led array issue

Discussion in 'General Electronics Chat' started by skk, May 4, 2011.

  1. skk

    Thread Starter Member

    Mar 15, 2011
    I am working up a circuit to drive an array of LEDs using shift registers and a darlington driver. The entire circuit is powered by a 7805DT 5V 1.5Amp voltage regulator for clean power to my micro controller. The uC drives the input to the shift register and the MIC2981.

    The LED anodes ( 8 columns ) are driven by a MIC2981 which claims to source 350 mA, and the cathodes are driven by the shift register HEF4794B which can sink 40mA per pin. This works well except when driving the segments of a 7 segment display 67-1486-ND. This display claims 25mA max and has a 4V forward voltage, so something like a 56Ohm resistor per segment should be good.

    However, when I hook it up, with the MIC2981 driving the common anode, and one pin per segment of the shift register on the cathodes, with a 56 Ohm resistors, the LED is barely visible. Removing the current limiting resistors entirely still does not make the segments bright enough.

    However, when I hooked up the Vin of the MIC2981 to my "dirty power" ( 6V source to the voltage regulator ), then the LED lit well with 56 Ohm resistors. Seems like the 1.5A regulator should handle everything and the 5V supply should work, I am obviously missing something here... What should I check, what am I doing wrong, any ideas?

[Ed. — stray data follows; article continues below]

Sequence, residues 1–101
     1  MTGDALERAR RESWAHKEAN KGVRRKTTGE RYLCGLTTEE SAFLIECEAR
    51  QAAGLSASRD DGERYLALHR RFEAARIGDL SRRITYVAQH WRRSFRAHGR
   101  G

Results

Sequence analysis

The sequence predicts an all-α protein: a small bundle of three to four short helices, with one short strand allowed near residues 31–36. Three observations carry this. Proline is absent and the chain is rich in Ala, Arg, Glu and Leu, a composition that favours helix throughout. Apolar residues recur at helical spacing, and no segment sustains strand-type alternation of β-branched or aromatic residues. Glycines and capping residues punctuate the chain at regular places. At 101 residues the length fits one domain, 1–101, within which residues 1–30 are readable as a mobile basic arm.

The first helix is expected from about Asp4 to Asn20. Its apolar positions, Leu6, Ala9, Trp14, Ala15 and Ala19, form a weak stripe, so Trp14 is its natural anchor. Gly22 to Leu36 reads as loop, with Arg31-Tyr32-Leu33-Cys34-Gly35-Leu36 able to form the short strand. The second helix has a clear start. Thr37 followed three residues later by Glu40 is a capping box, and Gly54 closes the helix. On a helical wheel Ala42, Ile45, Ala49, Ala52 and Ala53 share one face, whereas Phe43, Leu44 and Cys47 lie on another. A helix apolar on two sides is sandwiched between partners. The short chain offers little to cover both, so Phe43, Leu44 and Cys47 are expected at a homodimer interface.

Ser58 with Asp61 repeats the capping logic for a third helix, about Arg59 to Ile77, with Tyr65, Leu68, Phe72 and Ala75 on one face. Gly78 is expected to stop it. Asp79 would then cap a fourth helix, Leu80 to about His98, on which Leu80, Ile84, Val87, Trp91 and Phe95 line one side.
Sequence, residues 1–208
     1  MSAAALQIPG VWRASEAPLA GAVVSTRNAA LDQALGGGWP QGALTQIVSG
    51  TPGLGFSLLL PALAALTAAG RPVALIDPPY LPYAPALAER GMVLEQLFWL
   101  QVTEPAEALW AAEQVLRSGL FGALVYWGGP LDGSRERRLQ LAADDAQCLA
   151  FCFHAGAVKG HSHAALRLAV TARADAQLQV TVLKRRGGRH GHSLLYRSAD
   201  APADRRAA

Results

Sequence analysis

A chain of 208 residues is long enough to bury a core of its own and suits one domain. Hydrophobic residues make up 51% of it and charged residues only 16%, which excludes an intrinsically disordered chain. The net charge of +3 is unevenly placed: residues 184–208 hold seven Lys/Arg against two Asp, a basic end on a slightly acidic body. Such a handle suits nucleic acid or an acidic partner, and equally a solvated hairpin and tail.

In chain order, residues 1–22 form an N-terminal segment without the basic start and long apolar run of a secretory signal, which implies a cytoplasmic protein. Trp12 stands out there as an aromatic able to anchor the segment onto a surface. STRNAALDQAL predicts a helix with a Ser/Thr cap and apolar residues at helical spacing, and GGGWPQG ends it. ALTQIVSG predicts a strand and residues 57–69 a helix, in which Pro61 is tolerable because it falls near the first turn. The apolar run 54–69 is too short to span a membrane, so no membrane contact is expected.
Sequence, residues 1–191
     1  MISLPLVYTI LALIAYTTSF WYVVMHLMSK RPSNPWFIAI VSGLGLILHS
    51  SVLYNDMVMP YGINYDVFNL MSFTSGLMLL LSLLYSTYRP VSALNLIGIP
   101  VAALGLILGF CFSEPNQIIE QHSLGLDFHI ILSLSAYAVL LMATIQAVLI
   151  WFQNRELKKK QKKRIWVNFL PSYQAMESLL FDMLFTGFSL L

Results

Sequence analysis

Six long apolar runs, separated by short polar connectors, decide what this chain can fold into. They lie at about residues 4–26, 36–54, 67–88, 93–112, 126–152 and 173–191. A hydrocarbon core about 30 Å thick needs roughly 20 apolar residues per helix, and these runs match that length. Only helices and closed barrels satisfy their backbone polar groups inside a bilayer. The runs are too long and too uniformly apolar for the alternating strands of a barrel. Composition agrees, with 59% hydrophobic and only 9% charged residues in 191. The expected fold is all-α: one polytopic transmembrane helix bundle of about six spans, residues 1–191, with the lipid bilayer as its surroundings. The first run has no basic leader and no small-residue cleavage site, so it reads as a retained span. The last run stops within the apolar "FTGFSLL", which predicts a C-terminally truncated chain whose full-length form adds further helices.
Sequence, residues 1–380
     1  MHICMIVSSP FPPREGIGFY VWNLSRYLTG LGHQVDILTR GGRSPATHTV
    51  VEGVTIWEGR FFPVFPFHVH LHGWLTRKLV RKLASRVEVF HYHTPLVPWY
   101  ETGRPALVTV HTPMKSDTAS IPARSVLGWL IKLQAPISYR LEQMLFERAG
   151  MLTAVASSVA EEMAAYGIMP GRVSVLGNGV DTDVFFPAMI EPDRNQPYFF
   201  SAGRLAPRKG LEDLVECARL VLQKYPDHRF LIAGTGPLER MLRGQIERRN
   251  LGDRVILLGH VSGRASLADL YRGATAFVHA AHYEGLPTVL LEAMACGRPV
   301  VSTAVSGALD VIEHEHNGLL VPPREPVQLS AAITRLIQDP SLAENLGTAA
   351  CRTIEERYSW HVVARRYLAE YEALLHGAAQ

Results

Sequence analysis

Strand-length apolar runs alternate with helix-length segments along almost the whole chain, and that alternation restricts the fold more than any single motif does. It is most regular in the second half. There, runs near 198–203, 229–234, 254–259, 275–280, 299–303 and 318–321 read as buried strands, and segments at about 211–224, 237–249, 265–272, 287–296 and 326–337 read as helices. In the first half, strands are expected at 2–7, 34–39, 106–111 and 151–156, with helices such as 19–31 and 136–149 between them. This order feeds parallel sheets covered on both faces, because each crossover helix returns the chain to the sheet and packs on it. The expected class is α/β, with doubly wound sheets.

2. Adjuster

    Well-Known Member

    Dec 26, 2010
    It sounds like you may be running out of voltage headroom. With a 4V forward LED running from only a 5V rail, you have only 1V left over to share between the cathode driver, anode driver, and ballast resistor.

    The voltage loss of the MIC2981 looks pretty steep - 2V? http://www.micrel.com/_PDF/mic2981.pdf
  3. SgtWookie


    Jul 17, 2007
    Yep, you're going to get a minimum of a 1.3v drop across the MIC2981 even with very little current, as the MIC2981 has a Darlington follower in the output stage (see the schematic on the bottom right of the 1st page of the datasheet Adjuster linked to.)

    5v - (1.3v+4v) = -0.3v. Oops!
  4. Audioguru

    New Member

    Dec 20, 2007
    Your "dirty" power is only 6V but a 7805 regulator needs at least 7V. The output of your 7805 is probably only 4V.